Red Flags: Should You Say No to a Project?
As a contractor, you’re constantly drumming up work, so turning down a project may seem unthinkable, particularly in this economy. But there are instances when passing up a job is the best choice for your career and reputation, not to mention your sanity. Some potential projects come with clear warning signs that may prevent you from completing your best work. Maybe the deadline is too tight, or you don’t feel you’ll receive all the information needed to do a quality job. Whatever the case, you’ll make a more informed choice to accept or decline a project if you keep an eye out for the following red flags:
- No clear project lead. It’s essential to have a clear, internal point of contact for direction and approval of your work. If you’re uncertain who’s making the decisions, your work may be critically delayed, or the objective may change numerous times.
- You don’t have the exact skills. Someone wants to hire you to work on software with which you’re unfamiliar. You could take a crash course in the program or assume you can do the work because you know another similar program. But don’t fall into this trap. More of your creative energy is likely to be directed toward learning the new program than finishing the job. If the client discovers that you were not forthcoming about your lack of experience, your reputation will be affected.
- An unrealistic deadline. Let’s face it, even with a realistic end date, unforeseen issues almost always develop and can delay project completion. Take a close look at the objectives, your responsibilities and the associated deadlines. Will you be able to complete your work within the given time frame? If you are already overloaded or the client’s deadline is too short, you won’t produce the high-quality work essential to maintaining an excellent reputation.
- You’re the sixth contractor on the project. This significant red flag indicates that the job has already been plagued with problems that others haven’t been able to solve. It could be a number of issues, including poor project definition, office politics, inadequate technical resources, insufficient human resources, shifting business or industry demands. It’s important to ask what you’re expected to do differently and why the other contractors weren’t able to finish the job. In the process, you may turn the project down or discover you have the ideal expertise and experience to complete the work effectively.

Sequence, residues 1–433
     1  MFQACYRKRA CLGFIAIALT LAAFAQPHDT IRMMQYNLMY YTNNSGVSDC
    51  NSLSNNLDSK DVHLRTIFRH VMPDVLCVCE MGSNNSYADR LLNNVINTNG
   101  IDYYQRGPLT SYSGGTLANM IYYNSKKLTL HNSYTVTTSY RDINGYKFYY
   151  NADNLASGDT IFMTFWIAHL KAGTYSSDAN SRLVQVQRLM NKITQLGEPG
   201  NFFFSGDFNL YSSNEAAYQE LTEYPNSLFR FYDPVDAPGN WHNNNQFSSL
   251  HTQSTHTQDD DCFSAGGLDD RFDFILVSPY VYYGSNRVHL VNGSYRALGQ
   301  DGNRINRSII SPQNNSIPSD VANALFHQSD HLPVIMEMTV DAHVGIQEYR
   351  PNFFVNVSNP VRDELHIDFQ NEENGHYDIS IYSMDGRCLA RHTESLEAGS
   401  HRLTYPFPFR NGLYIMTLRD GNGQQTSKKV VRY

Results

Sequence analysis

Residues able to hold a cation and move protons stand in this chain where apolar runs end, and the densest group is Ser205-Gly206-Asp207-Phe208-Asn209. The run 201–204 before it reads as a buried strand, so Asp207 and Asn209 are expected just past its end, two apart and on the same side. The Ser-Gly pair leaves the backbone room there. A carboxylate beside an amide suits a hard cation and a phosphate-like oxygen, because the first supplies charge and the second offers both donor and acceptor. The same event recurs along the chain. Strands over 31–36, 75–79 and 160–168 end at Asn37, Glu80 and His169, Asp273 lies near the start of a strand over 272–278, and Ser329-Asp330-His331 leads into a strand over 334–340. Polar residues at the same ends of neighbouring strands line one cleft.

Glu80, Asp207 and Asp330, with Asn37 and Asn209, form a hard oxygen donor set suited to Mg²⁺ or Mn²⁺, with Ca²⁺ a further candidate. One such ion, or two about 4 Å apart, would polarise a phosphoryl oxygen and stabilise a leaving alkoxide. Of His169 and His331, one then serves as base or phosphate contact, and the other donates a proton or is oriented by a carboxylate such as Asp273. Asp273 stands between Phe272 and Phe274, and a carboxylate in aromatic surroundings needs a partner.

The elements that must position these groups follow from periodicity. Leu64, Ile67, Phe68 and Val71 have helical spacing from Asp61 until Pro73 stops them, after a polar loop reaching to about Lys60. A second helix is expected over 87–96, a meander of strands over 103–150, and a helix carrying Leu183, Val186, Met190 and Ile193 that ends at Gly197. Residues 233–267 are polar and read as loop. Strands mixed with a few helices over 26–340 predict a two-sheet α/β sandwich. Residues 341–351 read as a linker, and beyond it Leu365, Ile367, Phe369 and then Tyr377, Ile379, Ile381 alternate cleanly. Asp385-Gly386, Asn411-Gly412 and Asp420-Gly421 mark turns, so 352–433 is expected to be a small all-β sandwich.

- The project doesn’t align with your career goals. When considering a new project, keep your long-term career goals in mind. If the proposed job is an 18-month software integration project in the pharmaceutical industry—and you’re interested in gaining networking expertise within financial services organizations—you may want to reconsider taking the role. However, weigh all aspects of the position before making a decision. Even if the project doesn’t match your goals, certain aspects of the work may be beneficial. The job may provide new skills or lead to future projects that point in the direction you’d like to go.
- Here today, gone tomorrow. You never know when a firm is going to close its doors or fail to pay you for your work. Try to find out as much as you can about the background and financial health of the potential client. Good sources of information include corporate Web sites, trade publications, business newspapers and former and current employees. Numerous rounds of layoffs or negative company or industry news may be signs the company is in jeopardy. If you believe a potential client’s future is uncertain, try to get a good portion of your payment upfront.
If you decide to decline a project, do so graciously and be straightforward about your job-related concerns. By being honest and expressing your interest in future projects, you’ll keep the door open for the client to call you down the road.
While you can’t always predict if an assignment will be too much trouble to take on, staying alert to some of these scenarios and gathering as much information as possible beforehand will help you make the most informed choice.
Katherine Spencer Lee is executive director of Robert Half Technology, a leading provider of IT professionals for initiatives ranging from e-business development and multi-platform systems integration to network engineering and technical support. Robert Half Technology has more than 100 locations in the United States, Canada, Europe and Australia and offers online job search services at www.roberthalftechnology.com.